When providing technical services or fund settlement and payment services, industry players – depending on closeness of subjective complicity, objective behaviour, harmful consequences and causality – are exposed to the risk of becoming an accomplice in such crimes as helping information network-related criminal activities, covering up criminal proceeds, money laundering, infringing citizens’ personal information, and even fraud.
Article 7 of the Anti-Telecom and Network Fraud Law provides that any matters not covered in this law shall be subject to the Cybersecurity Law, Data Security Law and Personal Information Protection Law.
Compared with traditional crime, assisting cybercrime plays an indispensable role in the completion of a crime. In a case-wide assessment, such help may even render greater social harm than the act of perpetrating. As a result, recent legislation has expanded the boundary of penalties for “technology-neutral” assistance.
In the crime of assisting information network crime, identification of the helper’s knowingness of crime has gradually changed to presumption. The examination obligation was created and the degree of examination was deepened in the previous judicial interpretations to expand the coverage of crackdown on the crime.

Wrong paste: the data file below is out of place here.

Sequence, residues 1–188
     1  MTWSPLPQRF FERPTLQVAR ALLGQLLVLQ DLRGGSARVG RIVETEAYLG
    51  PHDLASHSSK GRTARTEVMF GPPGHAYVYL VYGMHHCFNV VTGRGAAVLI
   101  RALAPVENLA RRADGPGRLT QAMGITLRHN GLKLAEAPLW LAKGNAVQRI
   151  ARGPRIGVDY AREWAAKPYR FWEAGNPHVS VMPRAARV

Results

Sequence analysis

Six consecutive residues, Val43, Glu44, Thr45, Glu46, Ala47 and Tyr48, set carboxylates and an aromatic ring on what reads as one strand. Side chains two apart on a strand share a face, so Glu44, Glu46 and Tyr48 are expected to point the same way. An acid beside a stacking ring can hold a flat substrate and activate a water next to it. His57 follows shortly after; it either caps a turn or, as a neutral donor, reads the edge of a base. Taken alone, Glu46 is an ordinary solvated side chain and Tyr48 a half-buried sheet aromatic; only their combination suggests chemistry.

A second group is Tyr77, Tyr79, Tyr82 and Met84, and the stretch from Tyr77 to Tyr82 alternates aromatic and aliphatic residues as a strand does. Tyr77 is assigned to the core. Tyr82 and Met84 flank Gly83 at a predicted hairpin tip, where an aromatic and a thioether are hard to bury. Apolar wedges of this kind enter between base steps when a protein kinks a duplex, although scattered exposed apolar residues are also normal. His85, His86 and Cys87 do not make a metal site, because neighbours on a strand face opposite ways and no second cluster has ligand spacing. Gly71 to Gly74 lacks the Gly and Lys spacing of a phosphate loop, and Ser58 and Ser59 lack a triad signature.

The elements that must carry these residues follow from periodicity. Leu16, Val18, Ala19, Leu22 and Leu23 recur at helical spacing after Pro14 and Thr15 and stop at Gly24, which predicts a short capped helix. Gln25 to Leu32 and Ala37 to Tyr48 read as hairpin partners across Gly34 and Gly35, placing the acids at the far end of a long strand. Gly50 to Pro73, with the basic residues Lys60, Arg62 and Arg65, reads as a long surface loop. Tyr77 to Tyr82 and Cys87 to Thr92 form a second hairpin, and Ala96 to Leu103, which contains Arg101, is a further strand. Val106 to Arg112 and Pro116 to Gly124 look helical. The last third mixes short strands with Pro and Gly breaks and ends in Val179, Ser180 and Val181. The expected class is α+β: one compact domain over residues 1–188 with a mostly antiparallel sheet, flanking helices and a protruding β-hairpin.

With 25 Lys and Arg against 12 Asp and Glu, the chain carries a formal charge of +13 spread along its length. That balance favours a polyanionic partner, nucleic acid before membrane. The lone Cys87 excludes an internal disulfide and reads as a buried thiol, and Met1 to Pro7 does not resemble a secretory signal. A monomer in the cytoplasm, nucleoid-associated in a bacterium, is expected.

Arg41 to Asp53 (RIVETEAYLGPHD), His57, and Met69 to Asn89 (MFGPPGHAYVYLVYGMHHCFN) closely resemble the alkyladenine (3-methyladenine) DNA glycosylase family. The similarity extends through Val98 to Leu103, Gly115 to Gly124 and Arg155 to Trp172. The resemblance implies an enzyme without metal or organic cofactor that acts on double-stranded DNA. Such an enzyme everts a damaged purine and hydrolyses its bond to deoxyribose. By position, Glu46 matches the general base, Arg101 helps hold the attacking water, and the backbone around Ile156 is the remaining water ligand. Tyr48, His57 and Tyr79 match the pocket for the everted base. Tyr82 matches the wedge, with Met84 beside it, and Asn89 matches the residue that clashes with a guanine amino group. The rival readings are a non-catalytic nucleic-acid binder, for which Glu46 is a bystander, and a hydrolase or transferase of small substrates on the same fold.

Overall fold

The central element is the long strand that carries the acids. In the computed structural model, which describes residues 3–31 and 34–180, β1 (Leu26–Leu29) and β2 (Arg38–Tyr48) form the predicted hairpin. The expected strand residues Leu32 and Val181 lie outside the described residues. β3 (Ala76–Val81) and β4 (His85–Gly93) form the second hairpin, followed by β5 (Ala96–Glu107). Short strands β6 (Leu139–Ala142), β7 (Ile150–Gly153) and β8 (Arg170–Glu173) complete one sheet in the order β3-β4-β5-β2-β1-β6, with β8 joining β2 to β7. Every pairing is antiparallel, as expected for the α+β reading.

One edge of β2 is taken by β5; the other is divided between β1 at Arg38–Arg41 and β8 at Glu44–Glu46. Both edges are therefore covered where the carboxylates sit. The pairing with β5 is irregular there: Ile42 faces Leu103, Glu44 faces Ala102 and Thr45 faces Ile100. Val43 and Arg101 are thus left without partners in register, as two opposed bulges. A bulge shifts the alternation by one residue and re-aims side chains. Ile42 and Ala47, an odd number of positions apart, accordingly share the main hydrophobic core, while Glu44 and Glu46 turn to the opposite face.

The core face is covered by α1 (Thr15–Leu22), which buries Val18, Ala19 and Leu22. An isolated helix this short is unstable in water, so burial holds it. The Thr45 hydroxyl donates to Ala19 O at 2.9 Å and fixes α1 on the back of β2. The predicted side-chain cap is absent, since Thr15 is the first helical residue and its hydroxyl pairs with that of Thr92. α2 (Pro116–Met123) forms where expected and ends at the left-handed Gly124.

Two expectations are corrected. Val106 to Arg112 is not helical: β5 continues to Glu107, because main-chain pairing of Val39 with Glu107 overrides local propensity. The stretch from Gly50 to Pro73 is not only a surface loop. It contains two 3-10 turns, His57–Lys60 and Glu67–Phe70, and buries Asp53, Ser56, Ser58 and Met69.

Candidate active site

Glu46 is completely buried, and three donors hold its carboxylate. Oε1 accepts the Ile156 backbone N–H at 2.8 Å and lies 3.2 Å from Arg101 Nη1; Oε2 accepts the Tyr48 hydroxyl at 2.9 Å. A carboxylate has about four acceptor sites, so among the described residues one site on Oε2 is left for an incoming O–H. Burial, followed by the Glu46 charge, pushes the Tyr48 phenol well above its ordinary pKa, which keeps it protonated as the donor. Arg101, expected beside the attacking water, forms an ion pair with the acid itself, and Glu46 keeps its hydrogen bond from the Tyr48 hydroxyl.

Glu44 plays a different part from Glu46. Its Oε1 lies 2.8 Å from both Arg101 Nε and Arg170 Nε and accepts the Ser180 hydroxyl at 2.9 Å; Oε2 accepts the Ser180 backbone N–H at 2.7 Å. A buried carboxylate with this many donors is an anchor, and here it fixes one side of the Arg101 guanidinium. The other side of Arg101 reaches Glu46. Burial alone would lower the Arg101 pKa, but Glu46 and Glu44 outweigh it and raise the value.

Importantly, it is affirmed that the helper’s crime can still be established even when it cannot be verified whether the assisted has committed a crime, or when they have not been captured, or a court order not awarded. Articles 25 and 31 of the Law Combating Telecom and Online Fraud have set out explicit prohibitions against general subjects’ act of helping, and article 38 provides guidance on independent incrimination of helpers.
The telecoms, financial and internet industries are characterised by large scale, complex structure and extensive audience, prone to exploitation for illegal and criminal activities. Players in relevant industries should be especially vigilant about criminal compliance risks in doing business, especially in sensitive links such as advertising, payment, data and information dissemination, and account opening.
Industry players should strictly abide by relevant laws and regulations, and establish pre-event, real-time and after-event compliance policies and handling strategies to avoid the risk of technical service links being identified as an act of assisting a crime.